If you have recently had a judgment entered against you or if you believe that a judgment may be entered against you soon, then you may be panicking trying to figure out how to protect your assets. The thought of transferring assets out of your name to a friend or family member prior to filing for bankruptcy may enter your mind as a potential solution to your problems. However, this blog will explore the consequences of these transfers on the eve of bankruptcy and the effects they can have on the transferee (the person the property was transferred to).
Section 548 of the Bankruptcy Code Allows for the Trustee to Recover Fraudulent Transfers of Property
Section 548 of the Bankruptcy Code states that the “trustee may avoid any transfer of an interest of the debtor in property, or any obligation incurred by the debtor, that was made or incurred on or within 2 years before the date of the filing of the petition, if the debtor voluntarily or involuntarily- (A) made such transfer or incurred such obligation with actual intent to hinder, delay, or defraud any entity to which the debtor was or became, on or after the date that such transfer was made or such obligation was incurred, indebted; or (B)(i) received less than reasonably equivalent value in exchange for such transfer or obligation; and (ii) was insolvent on the date that such transfer was made or such obligation was incurred, or became insolvent as a result of such transfer or obligation; (II) was engaged in business or transaction, or was about to engage in business or a transaction, for which any property remaining with the debtor was an unreasonably small capital; (III) intended to incur, or believed that the debtor would incur, debts that would be beyond the debtor’s ability to pay as such debts matured; or (IV) made such transfer to or for the benefit of an insider, or incurred such obligation to or for the benefit of an insider, under an employment contract and not in the ordinary course of business.”
As a debtor, it is your obligation to disclose a transfer made outside your ordinary course of business or financial affairs within two years of the bankruptcy filing on your statement of financial affairs. The statement of financial affairs is a section of the bankruptcy petition, which is the document filed at the outset of your case providing a complete disclosure of your assets, liabilities, creditors and financial affairs. Failure to disclose such a transfer will be considered bankruptcy fraud, which can subject a debtor to various penalties including jail time. In short, transferring property without receiving fair value will be problematic for the individual or entity receiving the transfer, since the trustee will likely seek to recover the transfer from the recipient of the transfer.
The Bankruptcy Code and New Jersey State Law Allows a Trustee an Increased Lookback Period for Fraudulent Transfers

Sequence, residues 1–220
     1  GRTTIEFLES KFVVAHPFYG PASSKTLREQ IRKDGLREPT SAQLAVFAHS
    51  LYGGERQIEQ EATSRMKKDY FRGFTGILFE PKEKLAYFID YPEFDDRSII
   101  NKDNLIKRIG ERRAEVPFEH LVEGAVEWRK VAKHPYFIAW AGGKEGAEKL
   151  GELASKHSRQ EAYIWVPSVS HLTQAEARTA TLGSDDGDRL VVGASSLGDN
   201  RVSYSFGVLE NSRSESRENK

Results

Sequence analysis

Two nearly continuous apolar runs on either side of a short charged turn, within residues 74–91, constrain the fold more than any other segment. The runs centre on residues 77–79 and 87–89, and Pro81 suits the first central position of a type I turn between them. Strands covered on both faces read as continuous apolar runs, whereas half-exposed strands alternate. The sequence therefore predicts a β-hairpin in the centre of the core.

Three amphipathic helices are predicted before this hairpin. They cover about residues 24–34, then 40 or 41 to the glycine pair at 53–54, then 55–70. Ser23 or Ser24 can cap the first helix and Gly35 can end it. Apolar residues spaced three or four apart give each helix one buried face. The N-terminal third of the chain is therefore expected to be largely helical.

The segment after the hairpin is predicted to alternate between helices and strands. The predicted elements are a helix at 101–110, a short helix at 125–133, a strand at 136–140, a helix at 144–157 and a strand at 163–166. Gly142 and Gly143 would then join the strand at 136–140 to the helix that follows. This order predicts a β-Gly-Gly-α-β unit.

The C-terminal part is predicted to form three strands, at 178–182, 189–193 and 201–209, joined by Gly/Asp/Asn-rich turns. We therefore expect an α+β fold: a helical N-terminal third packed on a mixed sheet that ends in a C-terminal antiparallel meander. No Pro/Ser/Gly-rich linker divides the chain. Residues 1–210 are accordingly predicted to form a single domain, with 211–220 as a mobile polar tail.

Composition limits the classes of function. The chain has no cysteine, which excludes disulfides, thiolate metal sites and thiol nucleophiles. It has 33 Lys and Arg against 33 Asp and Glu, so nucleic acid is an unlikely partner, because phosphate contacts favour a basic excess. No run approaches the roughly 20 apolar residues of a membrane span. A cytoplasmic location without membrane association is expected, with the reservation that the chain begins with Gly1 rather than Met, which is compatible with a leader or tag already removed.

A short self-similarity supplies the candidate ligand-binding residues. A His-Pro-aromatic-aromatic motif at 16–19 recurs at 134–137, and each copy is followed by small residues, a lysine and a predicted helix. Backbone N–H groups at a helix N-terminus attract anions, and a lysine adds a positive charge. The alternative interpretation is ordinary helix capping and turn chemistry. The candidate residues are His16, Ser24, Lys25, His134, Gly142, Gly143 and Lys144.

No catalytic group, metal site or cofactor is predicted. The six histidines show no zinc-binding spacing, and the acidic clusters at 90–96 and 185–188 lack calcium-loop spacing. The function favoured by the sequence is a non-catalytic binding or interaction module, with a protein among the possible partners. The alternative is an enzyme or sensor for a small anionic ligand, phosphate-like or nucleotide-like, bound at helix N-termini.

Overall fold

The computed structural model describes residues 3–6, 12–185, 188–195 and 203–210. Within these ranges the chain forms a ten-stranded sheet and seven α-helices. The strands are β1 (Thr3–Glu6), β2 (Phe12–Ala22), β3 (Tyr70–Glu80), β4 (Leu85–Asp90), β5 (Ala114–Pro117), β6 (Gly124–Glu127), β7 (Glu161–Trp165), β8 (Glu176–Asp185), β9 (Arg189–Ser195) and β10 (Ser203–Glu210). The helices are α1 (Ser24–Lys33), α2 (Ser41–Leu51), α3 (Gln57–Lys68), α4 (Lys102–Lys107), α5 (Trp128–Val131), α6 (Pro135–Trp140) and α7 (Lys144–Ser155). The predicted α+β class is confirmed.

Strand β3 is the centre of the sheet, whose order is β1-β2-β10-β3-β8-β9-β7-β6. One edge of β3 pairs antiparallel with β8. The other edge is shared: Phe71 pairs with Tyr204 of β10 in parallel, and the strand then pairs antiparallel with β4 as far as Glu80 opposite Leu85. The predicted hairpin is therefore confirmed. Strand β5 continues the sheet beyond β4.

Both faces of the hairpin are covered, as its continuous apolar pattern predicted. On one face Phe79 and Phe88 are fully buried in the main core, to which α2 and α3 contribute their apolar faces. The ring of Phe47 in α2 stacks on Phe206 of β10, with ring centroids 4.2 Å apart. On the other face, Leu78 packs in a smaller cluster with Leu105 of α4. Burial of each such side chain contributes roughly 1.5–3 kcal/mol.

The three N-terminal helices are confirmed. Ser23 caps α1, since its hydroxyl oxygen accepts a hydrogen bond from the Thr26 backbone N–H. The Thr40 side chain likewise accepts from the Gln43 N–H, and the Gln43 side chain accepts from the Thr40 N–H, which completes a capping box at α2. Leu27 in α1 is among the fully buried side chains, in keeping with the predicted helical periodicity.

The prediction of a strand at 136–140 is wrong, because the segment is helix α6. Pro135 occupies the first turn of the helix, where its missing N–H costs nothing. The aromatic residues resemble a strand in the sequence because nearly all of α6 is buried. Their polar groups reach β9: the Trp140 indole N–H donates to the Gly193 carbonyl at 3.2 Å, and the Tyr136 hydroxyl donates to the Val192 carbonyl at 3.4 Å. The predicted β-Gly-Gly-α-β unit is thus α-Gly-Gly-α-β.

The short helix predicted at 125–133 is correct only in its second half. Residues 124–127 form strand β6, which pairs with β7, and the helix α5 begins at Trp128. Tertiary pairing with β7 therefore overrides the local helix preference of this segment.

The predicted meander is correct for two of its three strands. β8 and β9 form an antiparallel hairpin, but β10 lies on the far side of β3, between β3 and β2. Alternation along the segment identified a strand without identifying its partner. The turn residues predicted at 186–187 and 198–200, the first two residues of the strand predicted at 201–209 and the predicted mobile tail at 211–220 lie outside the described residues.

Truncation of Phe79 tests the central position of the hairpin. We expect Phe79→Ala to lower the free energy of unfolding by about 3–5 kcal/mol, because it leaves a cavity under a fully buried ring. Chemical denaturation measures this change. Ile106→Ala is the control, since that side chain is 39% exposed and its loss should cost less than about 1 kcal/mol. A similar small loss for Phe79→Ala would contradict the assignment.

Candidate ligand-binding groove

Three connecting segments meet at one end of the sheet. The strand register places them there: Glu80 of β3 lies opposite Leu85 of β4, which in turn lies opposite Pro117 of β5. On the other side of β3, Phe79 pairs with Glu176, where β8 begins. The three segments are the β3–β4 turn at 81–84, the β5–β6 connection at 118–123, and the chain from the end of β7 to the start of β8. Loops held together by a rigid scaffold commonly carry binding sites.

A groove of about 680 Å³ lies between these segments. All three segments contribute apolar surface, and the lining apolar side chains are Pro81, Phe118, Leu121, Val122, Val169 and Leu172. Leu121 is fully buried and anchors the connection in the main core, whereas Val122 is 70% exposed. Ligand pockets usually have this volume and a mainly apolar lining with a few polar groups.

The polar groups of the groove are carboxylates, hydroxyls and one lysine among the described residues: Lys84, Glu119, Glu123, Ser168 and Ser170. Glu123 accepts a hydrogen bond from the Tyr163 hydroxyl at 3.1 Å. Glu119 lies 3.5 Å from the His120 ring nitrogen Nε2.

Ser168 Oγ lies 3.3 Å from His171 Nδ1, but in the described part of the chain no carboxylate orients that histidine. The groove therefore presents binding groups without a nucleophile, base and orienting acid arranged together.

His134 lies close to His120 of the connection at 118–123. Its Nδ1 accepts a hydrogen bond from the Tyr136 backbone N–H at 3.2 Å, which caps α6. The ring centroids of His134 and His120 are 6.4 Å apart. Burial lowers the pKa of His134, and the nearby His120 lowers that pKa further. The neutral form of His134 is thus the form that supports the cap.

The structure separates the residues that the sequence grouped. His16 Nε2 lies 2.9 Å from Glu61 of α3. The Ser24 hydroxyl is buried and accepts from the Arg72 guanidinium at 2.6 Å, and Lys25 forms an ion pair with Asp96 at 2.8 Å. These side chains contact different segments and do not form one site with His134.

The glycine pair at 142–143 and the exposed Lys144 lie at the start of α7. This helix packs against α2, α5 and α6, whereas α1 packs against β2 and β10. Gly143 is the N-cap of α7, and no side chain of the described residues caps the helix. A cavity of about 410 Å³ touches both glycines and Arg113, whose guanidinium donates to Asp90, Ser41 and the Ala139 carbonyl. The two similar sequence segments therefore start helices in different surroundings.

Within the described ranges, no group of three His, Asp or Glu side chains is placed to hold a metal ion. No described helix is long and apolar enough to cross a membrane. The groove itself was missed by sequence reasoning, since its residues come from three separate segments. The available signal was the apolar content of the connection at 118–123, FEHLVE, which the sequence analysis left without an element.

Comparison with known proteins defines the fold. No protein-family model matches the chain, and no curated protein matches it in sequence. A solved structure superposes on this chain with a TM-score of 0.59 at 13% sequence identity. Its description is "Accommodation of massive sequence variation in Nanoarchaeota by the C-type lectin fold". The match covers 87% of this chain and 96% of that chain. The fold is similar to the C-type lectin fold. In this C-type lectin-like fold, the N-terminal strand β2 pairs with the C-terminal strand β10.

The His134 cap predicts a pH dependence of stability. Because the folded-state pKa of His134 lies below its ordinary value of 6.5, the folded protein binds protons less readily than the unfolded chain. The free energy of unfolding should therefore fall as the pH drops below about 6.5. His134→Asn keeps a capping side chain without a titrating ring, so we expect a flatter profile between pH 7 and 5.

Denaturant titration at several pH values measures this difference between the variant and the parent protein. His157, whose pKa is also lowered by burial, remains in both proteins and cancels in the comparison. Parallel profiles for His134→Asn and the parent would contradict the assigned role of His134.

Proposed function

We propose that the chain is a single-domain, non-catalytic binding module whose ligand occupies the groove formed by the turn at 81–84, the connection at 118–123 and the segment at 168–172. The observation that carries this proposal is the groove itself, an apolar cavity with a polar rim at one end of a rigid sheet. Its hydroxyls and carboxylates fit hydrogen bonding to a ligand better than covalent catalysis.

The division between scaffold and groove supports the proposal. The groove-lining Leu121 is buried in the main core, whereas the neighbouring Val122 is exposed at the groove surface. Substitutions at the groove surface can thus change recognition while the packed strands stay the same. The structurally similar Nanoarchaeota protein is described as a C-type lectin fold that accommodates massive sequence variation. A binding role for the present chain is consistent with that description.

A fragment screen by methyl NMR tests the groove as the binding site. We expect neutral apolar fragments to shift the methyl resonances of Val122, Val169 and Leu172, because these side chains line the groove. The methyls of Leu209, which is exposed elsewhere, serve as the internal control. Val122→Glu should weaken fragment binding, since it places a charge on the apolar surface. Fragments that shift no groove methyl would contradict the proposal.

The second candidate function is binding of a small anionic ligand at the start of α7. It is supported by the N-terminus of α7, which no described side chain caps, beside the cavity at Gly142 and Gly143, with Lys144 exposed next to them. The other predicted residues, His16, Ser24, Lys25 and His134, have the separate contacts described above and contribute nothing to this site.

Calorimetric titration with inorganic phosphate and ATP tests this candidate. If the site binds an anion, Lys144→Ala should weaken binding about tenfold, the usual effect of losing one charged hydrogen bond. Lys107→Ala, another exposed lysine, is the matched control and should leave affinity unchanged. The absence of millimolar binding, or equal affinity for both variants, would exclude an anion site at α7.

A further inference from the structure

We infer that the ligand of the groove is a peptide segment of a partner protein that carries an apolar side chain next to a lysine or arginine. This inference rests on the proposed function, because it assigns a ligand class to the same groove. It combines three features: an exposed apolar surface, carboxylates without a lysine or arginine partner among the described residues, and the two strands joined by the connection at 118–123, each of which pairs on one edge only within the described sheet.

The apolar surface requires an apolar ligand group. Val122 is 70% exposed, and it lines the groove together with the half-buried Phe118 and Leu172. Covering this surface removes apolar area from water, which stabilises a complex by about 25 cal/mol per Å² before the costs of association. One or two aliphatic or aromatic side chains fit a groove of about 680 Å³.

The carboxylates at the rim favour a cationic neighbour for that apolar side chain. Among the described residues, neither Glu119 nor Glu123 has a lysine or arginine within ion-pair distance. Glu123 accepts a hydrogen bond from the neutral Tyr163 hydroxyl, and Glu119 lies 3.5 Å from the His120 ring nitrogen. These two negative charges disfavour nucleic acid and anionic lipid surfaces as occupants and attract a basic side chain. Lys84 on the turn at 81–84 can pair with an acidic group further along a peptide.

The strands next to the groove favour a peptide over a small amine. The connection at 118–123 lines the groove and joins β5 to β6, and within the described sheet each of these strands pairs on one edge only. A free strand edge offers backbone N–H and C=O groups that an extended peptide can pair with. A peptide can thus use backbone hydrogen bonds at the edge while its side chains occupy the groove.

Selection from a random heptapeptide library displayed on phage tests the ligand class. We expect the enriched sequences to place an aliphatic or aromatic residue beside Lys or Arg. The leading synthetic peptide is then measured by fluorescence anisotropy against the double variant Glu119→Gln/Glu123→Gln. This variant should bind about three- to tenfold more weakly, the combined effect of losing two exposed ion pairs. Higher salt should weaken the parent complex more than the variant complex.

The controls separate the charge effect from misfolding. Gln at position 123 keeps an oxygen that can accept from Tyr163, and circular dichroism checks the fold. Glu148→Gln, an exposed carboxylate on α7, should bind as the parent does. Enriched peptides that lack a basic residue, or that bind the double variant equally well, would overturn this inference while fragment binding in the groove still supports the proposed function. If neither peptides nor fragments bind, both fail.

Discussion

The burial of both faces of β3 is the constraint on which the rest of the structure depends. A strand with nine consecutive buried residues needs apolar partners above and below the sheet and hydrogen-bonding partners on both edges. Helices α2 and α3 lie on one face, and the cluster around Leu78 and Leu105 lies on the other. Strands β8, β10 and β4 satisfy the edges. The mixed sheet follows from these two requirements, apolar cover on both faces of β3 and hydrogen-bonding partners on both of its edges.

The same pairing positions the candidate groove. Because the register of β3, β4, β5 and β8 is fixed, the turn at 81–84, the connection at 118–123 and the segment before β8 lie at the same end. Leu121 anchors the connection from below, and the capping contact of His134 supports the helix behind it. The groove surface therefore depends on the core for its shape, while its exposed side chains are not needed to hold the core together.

11 U.S.C. § 544(b) also allows a trustee to utilize state law avoidance powers to recover property for the bankruptcy estate. Therefore, the Trustee is not limited to the fraudulent transfer statute within the Bankruptcy Code. In the State of New Jersey, the look back period for a fraudulent transfer is four years and the statutory elements are different than the one provided for in the Bankruptcy Code. Under New Jersey Statutory Law, there is a fraudulent transfer avoidance statute applicable to present and future creditors and one that is only applicable to present creditors.
N.J.S.A. 25:2-25(b) states that “[a] transfer made or obligation incurred by a debtor is fraudulent as to a creditor, whether the creditor’s claim arose before or after the transfer was made or the obligation was incurred, if the debtor made the transfer or incurred the obligation: (b) Without receiving a reasonably equivalent value in exchange for the transfer or obligation, and the debtor: (1) Was engaged or was about to engage in a business or a transaction for which the remaining assets of the debtor were unreasonably small in relation to the business or transaction; or (2) Intended to incur, or believed or reasonably should have believed that the debtor would incur debts beyond the debtor’s ability to pay as they become due.”
Additionally, N.J.S.A. 25:2-27(a) states that “[a] transfer made or obligation incurred by a debtor is fraudulent as to a creditor whose claim arose before the transfer was made or the obligation was incurred if the debtor made the transfer or incurred the obligation without receiving a reasonably equivalent value in exchange for the transfer or obligation and the debtor was insolvent at that time or the debtor became insolvent as a result of the transfer or obligation.”
Accordingly, if you are looking to file for bankruptcy in the State of New Jersey, there is a significant look back period that a trustee will have at his disposal to avoid transfers where the debtor did not receive reasonably equivalent value in exchange for the transfer.
If you are considering filing for bankruptcy, it is important to contact an experienced New Jersey bankruptcy attorney to guide you through your options and present you with the potential pitfalls. For questions regarding a potential bankruptcy, call the law firm of Scura, Wigfield, Heyer, Stevens & Cammarota, LLP for a free consultation.
Whether you need to completely eliminate your debt through Chapter 7 bankruptcy, or need to reorganize your credit payments through Chapter 13 or Chapter 11, we are well qualified as a full-service bankruptcy law firm for people in these and other New Jersey counties: Passaic County, Hudson County, Essex County, Bergen County, Morris County, and Sussex County. Call us today at 973-870-0434 or toll free 888-412-5091.